Nature Niche: South Bay is our chocolate factory

Nature Niche pic-2-2-12

Special to the Parade

Scarlet Colley

Scarlet Colley

February is here and so it seems that our local birds are getting their breeding plumage. The laughing gulls that have white heads all winter are now getting their black hoods.

The pelicans are getting their colorful pouches and blue eyes. The Rosette Spoonbills are by far the most stunning as they get their hot pink wing bands, hot pink legs, orange tails, chartreuse skullcaps, black headbands and yellow wash across their breast.

Now that hunting season is over and no longer does the air ring with gunshot as flocks of fleeing ducks fill the sky, all the birds will calm down, spoonbills will return to south bay and the time for breeding pair bonding begins.

The photography opportunities at this time are my favorite, and south bay becomes a haven for birds feeding up on fat reserves for the nesting season. The low tides of bay provide vast tidal flats for feeding. A mix of shore birds in one photo can have over 20 species. Imagine feeding herons and egrets, intermixed with white pelicans dipping up fish, with their wings flared, looking much like swans, with spoonbills and white ibis.

That is a photo I love.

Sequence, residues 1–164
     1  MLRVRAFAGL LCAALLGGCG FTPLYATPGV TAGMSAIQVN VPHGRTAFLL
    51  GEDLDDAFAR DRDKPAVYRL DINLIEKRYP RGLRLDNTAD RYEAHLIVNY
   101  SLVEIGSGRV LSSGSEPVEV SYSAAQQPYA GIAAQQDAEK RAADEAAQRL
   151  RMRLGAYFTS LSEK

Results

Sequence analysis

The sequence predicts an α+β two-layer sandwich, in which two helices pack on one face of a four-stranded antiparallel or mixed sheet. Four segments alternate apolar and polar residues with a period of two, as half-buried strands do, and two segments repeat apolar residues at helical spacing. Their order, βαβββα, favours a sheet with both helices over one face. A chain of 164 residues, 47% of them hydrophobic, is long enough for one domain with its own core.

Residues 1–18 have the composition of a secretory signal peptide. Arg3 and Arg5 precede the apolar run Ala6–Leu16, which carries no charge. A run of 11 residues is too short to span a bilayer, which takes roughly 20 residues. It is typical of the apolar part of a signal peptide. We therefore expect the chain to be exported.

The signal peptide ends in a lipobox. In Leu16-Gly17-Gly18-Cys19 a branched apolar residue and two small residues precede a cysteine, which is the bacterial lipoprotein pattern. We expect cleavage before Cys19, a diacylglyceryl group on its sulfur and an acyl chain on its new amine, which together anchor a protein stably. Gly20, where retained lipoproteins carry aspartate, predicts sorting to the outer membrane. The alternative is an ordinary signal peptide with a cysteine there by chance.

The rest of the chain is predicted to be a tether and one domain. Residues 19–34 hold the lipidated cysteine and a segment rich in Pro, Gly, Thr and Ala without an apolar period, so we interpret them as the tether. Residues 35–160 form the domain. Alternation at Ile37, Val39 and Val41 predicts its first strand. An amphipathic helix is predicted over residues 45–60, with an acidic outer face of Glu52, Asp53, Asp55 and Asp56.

The shore birds such as dunlin, western and least sandpipers, dowitchers and willets, curlews and godwits, all portray a blend of browns and rust against the exposed turtle and manatee grass. Then a peregrine swoops through the scene and birds take flight filling the air with flight shots and sounds of wings rustling and birds calling.

Little eared grebes and bufflehead ducks dive nearby and we cannot resist seeing those ruby red eyes of the grebe as if a gem stone were placed on each side of their face.

To me, South Bay is like opening the door and entering Willie Wonka’s chocolate factory. This is an exciting time of year to photograph the stunning colors in the world of birds on the bay. And of course our dolphins, they always seem to be nearby while we are photographing birds as if to be saying, “Hey, we are much more wonderful than those birds,” and they do try to steal the show.

Photographing pelicans and royal terns feeding with dolphins isn’t too bad either. It is our nature niche, and our nature center takes birding photography tours on the bay with just six or less people.

For info, call (956) 299-1957 and get photos like this one, mama mia.

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